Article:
- Establish your presence. He suggests listing your business on each network and put up notices or stickers e.g We’re on Foursquare, Find us on Yelp
- Customize for specific networks
- Implement Compelling Promotions and suggests advertising particular incentives e.g 20% between 2-4 pm
- Engage with your customers
- Track everything
- Be prepared to adapt
- Avoid common pitfalls e.g. don’t leave fake reviews or tips, don’t throw up poor designed ads
What are the Core elements of a Social Location Marketing Campaign?
Simon Salt suggests the following 7 elements:
- Fun—avoid check-in fatigue
- Measurable—don’t do anything you can’t measure
- Repeatable—return customers can repeat positive experience, new customers can have same
- Shareable—key is word of mouth, activity and reward should be something participants want to talk about
- Creative—do the unexpected, different or nontraditional
- Focused—don’t make too broad
- Reward—ensure reward fits the campaign theme
What’s considered a good offer?
I asked Aaron Strout what recommendations he has for businesses who are considering running a location-based offer?
“For businesses running a location based offer, my co-author, Mike Schneider and I have a couple of recommendations. One, make sure that the offer is compelling. That means giving someone 5% off or a chance to win a free t-shirt probably isn’t going to be enough. That doesn’t mean your offer has to cost a lot — sometimes experiences are much more valuable to your customers e.g. Have coffee with the owner or come to an exclusive wine tasting, etc. Second, try not to limit your offer to just the mayor. We call this the “Ben and Jerry’s rule coined from Ben and Jerry’s early offer on foursquare where anyone that checked in got three scoops of ice cream for $3 (normally $5). If you have high turnover for your mayors/leaders OR have a rich and compelling offer, than it might be worth doing a “mayor only” offer. Otherwise, consider rewarding frequency or loyalty.”
What does it require for the offer to be successful?
Simon Salt writes, “Campaigns that have two reward levels—one that is an intrinsic part of the app and one that is part of the real world—have a strong appeal to users of social location sharing tools. Status, badges, and recognition within the community of users is a motivator, but the addition of something more tangible to a campaign has a much higher chance of being talked about, shared, and commented on than simply the awarding of a badge within the game. This is a valuable lesson for marketers to bear in mind when thinking through the construction of social location marketing campaigns. There must be a real-world element for maximum effect. Users will not talk about your campaign if their only rewards are points, badges, status upgrades, or other game objects. For them to share with their network in a personal way, the reward has to be something that evokes a response at the personal level, preferably an emotion such as excitement.”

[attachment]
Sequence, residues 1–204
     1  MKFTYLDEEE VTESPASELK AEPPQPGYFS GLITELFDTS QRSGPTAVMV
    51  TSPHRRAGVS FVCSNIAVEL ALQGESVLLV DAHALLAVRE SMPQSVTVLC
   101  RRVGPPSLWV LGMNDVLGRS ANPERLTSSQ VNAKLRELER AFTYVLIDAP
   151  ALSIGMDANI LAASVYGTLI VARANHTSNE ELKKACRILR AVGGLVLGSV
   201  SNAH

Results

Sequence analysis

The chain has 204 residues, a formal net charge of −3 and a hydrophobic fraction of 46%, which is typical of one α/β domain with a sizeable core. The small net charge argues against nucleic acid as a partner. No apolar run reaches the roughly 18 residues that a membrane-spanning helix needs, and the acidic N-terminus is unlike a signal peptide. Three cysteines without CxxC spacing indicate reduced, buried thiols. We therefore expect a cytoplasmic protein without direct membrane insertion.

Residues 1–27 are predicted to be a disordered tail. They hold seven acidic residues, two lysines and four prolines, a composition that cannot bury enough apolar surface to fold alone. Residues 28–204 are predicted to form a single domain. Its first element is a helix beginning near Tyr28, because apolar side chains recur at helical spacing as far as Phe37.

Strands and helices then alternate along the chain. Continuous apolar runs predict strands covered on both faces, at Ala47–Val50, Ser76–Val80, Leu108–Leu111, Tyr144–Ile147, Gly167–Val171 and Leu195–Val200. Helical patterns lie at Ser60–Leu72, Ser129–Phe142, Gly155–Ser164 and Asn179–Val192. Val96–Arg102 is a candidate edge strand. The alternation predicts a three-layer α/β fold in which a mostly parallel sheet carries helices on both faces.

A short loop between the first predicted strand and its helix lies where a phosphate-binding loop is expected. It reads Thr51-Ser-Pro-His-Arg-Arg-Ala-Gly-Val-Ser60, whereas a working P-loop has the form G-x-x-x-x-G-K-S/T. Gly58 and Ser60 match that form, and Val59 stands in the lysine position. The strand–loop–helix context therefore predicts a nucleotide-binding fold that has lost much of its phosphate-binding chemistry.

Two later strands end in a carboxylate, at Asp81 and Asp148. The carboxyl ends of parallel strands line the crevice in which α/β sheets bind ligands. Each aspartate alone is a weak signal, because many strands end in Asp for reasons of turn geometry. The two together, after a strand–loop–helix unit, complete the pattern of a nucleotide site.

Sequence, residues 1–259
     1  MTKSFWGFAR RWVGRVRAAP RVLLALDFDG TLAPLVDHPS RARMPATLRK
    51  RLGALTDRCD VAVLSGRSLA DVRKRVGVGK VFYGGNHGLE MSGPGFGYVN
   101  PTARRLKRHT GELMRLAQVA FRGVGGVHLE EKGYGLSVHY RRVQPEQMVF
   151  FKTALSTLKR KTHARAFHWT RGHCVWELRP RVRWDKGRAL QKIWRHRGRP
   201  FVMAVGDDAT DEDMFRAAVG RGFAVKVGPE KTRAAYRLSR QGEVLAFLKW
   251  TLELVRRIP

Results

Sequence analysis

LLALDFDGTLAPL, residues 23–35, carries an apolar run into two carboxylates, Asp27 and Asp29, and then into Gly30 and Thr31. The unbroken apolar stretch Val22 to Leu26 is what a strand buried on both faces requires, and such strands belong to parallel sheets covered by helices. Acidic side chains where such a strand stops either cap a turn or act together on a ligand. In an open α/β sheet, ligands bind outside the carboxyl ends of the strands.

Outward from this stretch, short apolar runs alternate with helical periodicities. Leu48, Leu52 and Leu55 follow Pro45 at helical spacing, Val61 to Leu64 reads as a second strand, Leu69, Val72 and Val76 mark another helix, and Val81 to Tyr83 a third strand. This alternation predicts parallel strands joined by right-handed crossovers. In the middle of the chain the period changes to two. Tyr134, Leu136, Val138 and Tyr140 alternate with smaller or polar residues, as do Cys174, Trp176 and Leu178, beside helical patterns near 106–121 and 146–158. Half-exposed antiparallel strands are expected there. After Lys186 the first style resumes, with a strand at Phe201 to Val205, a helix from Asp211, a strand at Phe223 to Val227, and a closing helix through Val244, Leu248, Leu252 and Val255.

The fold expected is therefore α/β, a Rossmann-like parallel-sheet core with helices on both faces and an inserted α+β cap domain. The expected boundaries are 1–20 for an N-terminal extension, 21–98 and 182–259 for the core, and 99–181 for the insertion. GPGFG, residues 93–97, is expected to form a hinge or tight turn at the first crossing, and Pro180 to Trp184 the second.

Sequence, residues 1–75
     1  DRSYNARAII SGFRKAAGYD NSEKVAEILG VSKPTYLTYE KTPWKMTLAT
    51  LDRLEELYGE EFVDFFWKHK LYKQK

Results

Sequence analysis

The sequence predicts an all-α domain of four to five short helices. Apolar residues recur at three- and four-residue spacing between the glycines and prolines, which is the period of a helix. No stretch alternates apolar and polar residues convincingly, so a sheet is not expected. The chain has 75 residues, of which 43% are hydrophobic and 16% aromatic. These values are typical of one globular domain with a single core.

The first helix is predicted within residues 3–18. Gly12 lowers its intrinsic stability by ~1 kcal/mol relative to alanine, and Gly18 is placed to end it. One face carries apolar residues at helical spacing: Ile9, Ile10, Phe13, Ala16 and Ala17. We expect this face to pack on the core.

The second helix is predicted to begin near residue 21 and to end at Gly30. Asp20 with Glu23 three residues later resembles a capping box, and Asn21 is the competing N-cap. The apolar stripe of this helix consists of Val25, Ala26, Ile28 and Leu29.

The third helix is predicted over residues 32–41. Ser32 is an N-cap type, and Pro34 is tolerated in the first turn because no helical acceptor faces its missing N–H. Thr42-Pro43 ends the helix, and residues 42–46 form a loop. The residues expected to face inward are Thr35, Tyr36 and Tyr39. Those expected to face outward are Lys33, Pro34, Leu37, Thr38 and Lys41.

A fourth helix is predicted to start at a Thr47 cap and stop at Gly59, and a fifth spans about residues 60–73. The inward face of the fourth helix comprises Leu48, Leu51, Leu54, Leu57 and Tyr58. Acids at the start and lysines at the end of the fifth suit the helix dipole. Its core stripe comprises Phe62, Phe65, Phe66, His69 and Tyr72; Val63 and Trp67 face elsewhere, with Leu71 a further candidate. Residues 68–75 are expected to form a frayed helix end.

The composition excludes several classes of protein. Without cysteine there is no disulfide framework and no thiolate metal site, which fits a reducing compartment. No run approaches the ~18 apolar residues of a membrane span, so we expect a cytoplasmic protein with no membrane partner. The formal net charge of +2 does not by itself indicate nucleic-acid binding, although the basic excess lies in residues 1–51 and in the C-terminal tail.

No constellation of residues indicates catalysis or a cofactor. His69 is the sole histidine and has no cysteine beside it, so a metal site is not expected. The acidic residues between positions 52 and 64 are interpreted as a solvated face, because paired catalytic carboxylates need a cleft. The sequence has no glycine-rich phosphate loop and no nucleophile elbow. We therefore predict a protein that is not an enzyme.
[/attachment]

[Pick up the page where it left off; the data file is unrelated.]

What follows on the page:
What do customers really want from location-based services?
Kunur writes in the Digital Marketing Guide: Location-Based Services, “Getting a deal seems to be the main draw for mobile location apps, while sharing with friends is a close second.” What do marketers get out of location-based deals? Kunur, suggest, “Driving new foot traffic into stores, some apps provide demographic data on user check-in.”
How have marketers without physical locations used location based marketing?
Kunur: “MTV, Bravo and History Channel were among the most popular brands on Foursquare in 2010 for creating programs that tied their content and TV personalities to real-world locales.”
Brian Goth describes several examples of brands without physical locations:
- Pepsi used Foursquare in association with Safeway customer’s loyalty cards.
- American Eagle on SCVNGR used a billboard in Times Square that asks consumers to complete challenges on SCVNGR in order to raise cash for Big Brothers Big Sisters
- Nissan on SCVNGR had people in Chicago, NY, LA and San Francisco complete challenges at 20 locations per city to earn points for a chance to win a new car
- Coca-Cola on SCVNGR partnered with 10 Simon shopping malls across the US to earn coke rewards good for American Express gift cards and Coke-branded merchandise.
- Buick used Facebook Places, Gowalla and Foursquare for the same campaign, a scavenger hunt which offers clues on Facebook and Twitter and then culiminates with a day of offline scavenger hunting.
Simon Salt, suggests that another option for a business without a publicly accessible location is the use of the trips feature within Gowalla, SCVNGR or Yelp. “By setting up a series of locations in the app that are in some way connected, and listing them as a recommendation by your business, you get brand awareness without any campaign.”